Cop on the Edge, Episode 9
Brush Fire

M. Stanley Bubien

The wind blew hotter, and the pillar of smoke loomed larger as I pulled off the freeway and onto a country road. I checked my case file for directions. It steered me straight toward the smoke.

The road curved east and out of the valley. As I crested the hill, I saw what was causing the smoke---a wall of flame leaping along the brush, and the wind was whipping it straight for me.

Great. Another interruption to my investigation.

I spun into a U-turn, throwing up some smoke of my own, and shot back down the hill. Before hitting the turnoff, I spotted a set of fire engines across the valley. I decided to head for them.

The road veered through the valley, past a couple of scattered ranch homes. Old ranch homes---probably built thirty or forty years ago---the kind that came with a wrinkly geezer rocking back and forth on the porch, spitting tobacco over his lazy hound dog's head. Well, they'd better be doing a lot more than spitting today.

As the road wound upward, the sage brush cleared---not naturally, though. It was a large plot of land flattened by a bulldozer sitting in the middle of the empty white soil. By my reckoning, it must've been recently cleared since there weren't any weeds sprouting anywhere on the plot. At least there'd be nothing to burn there.

"Hey! What the hell are you doing!" a guy in a yellow suit screamed when I topped the hill and skidded in next to the fire trucks. "This is an emergency---"

I flashed my badge. It shone brown in the smoke-obscured sunlight, but it shut him up anyway.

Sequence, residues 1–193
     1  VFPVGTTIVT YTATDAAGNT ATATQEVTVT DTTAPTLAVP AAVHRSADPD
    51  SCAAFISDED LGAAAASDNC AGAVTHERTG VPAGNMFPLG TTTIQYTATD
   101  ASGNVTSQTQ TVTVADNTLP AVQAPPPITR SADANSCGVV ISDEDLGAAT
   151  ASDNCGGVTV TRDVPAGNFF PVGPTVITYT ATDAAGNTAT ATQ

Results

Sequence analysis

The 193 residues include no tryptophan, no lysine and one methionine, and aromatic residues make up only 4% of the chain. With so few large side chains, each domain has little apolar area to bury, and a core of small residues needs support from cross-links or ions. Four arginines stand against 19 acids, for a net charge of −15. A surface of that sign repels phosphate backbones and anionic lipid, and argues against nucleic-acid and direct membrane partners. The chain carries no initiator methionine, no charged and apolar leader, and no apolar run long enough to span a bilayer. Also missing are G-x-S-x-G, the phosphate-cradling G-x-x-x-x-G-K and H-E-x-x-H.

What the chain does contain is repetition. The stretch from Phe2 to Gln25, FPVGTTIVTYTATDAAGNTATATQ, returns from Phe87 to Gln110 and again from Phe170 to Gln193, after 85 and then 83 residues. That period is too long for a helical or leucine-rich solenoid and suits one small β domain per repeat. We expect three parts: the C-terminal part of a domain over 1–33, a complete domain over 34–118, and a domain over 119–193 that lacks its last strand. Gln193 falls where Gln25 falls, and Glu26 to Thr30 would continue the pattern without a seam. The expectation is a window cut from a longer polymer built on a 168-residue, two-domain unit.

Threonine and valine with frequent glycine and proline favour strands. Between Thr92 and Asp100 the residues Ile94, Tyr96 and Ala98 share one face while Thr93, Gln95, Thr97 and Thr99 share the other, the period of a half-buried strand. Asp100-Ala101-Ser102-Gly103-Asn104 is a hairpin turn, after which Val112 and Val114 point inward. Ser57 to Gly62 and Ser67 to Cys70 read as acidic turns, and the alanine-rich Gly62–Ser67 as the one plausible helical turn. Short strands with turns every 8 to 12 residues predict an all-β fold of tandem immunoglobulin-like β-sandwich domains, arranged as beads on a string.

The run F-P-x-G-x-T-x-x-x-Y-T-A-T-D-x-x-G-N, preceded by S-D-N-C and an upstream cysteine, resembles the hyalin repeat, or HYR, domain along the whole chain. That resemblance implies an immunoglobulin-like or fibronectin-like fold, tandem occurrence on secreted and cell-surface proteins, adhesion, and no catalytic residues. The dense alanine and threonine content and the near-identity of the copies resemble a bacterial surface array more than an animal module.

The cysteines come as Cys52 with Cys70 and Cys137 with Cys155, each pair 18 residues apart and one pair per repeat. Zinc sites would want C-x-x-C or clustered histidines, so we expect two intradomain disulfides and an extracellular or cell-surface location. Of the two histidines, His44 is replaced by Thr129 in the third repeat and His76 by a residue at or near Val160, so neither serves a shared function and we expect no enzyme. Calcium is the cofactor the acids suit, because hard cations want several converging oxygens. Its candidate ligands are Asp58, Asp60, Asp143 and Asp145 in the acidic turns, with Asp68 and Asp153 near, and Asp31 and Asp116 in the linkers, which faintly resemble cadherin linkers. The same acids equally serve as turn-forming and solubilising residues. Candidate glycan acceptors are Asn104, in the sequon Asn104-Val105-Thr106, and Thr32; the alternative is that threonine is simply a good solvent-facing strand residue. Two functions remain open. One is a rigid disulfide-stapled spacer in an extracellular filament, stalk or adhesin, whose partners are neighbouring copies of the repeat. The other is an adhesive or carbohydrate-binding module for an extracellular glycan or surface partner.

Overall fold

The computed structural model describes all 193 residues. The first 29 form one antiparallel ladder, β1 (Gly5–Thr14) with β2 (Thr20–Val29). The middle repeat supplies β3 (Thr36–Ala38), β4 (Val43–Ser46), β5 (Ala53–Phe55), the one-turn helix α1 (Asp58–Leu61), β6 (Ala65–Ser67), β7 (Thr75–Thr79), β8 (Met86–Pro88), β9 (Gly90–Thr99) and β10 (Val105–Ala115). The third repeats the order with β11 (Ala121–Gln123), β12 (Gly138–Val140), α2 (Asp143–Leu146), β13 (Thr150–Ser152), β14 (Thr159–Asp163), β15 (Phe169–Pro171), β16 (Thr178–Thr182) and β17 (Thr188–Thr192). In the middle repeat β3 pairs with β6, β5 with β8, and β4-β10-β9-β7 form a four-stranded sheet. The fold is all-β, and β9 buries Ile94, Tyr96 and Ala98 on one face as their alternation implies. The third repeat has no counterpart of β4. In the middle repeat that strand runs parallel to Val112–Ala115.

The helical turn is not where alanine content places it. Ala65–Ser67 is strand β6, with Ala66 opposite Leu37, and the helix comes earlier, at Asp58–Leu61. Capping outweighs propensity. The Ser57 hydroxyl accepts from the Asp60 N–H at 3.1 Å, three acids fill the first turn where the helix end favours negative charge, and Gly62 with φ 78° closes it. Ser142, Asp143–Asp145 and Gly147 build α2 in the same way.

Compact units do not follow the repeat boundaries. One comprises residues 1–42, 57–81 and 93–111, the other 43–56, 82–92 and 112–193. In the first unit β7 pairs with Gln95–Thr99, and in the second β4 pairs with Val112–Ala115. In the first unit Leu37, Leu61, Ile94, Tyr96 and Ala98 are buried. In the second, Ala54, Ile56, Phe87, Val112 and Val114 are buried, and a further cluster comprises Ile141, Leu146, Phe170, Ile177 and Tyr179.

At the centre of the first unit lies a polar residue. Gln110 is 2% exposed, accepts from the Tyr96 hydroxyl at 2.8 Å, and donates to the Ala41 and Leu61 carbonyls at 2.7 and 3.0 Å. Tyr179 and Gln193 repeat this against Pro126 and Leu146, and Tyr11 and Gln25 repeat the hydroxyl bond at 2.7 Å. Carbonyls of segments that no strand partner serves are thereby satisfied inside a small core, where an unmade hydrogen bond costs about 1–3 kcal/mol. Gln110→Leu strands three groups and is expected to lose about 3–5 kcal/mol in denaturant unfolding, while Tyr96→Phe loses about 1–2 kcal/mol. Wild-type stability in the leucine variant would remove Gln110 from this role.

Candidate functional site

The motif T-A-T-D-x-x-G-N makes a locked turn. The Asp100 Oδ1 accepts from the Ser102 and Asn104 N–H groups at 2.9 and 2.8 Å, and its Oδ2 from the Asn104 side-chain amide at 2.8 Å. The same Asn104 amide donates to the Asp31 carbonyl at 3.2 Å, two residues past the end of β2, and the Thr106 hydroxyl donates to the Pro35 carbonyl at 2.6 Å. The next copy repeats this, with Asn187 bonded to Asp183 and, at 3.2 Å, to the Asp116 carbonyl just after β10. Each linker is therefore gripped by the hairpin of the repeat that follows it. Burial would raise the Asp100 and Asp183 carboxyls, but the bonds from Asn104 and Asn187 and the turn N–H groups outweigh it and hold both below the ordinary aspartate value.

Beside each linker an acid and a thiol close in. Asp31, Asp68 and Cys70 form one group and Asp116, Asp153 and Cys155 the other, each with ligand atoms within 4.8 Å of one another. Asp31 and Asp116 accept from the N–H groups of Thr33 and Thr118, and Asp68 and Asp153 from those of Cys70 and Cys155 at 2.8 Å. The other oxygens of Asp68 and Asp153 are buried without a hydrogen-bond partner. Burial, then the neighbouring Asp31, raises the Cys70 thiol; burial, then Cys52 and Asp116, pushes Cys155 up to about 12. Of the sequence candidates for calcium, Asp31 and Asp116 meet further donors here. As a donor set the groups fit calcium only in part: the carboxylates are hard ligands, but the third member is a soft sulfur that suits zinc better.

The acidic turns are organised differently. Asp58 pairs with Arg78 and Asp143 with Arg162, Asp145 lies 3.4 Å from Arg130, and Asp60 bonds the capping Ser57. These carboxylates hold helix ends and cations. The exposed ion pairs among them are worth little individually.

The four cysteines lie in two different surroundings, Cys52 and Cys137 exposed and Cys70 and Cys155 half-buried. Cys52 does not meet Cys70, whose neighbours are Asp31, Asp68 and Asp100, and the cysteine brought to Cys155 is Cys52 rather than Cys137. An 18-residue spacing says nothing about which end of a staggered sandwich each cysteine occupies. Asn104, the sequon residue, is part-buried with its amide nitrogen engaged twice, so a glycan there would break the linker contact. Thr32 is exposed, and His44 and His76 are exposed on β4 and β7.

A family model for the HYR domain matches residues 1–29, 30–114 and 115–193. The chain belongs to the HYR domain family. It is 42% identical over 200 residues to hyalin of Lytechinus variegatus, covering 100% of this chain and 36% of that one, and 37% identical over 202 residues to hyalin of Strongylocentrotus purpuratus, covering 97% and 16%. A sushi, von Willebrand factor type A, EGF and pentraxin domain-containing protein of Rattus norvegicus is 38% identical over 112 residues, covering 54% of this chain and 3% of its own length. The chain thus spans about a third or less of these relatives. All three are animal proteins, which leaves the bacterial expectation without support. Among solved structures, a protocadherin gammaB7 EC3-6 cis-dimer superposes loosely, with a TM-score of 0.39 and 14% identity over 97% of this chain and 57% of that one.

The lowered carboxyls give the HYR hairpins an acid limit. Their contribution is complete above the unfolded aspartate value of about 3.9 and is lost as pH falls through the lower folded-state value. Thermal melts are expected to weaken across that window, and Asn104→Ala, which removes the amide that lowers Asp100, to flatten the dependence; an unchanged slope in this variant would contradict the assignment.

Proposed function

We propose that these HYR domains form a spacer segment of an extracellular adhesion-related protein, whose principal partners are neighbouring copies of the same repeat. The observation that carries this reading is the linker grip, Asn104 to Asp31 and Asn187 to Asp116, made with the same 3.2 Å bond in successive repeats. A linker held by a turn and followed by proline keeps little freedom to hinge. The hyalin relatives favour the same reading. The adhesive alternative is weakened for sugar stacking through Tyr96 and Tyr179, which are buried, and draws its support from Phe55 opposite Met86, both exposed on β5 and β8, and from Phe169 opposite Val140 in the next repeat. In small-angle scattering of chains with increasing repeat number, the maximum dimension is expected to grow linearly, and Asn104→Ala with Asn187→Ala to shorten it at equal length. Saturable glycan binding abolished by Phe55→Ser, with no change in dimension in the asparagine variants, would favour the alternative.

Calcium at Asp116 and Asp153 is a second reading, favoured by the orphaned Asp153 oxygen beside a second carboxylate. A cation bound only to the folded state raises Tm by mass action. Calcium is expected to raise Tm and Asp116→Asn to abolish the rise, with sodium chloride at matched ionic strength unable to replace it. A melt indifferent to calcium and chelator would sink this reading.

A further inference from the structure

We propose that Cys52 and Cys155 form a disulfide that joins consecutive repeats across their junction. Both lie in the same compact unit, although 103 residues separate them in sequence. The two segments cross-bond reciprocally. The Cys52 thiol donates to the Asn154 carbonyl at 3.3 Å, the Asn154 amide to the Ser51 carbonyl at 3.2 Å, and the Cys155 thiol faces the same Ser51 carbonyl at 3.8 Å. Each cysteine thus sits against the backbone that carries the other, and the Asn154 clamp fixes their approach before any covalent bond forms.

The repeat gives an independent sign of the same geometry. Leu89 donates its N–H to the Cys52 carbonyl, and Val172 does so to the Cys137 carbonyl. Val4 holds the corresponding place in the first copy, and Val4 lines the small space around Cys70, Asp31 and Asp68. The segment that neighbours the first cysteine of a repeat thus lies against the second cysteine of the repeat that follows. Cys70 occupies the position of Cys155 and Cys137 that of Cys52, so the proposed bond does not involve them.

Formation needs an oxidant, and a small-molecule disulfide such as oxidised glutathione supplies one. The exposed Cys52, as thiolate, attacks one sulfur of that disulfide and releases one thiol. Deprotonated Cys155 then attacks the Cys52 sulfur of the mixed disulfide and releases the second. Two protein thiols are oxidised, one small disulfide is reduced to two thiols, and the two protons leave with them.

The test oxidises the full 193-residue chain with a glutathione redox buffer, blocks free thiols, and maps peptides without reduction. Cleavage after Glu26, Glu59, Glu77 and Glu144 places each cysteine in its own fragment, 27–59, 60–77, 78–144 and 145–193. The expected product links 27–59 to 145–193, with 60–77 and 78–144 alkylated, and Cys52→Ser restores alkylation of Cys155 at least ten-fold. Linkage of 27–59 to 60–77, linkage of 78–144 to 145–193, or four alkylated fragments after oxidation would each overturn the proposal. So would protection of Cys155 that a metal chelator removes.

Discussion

"I'm investigating an arson," I told him.

"Well," he grunted in reply, pointing over my shoulder, "You'll be gettin' some first hand experience today, bub."

We both watched the fire approach the eastern edge of the valley.

"Santa Ana," he said. "Fanned up some leftover embers and got this baby rolling again."

"But it's been out two days."

"Hey, bub, I don't make the rules. Alls I know is that's how it works. It's just a good thing we warned the residents this might happen. One of 'em had his eyes open and called us in right when it started."

"Oh. Which one?" I asked.

"That one," he said, and pointed at a ranch house laying low in the valley---so low, the owners probably had no idea they were smack dead in the path of the fire line.

As if following his que, a pair of fire engines roared to life, throwing diesel fumes about us, and rumbled toward the home.

"Think two's gonna be enough?" I asked.

"Hey, bub, I ain't here tellin' you how to do your job. So gimme a break, huh?"

He wanted a break? How about those homes? They were the ones that needed the break.

Suddenly, I had an idea.

I poked him in the chest and said, "One break comin' up." Without waiting on a response, I sprinted full-speed after the fire trucks.

Copyright ©1997 M. Stanley Bubien. All Rights Reserved.

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April, 1997
Issue #12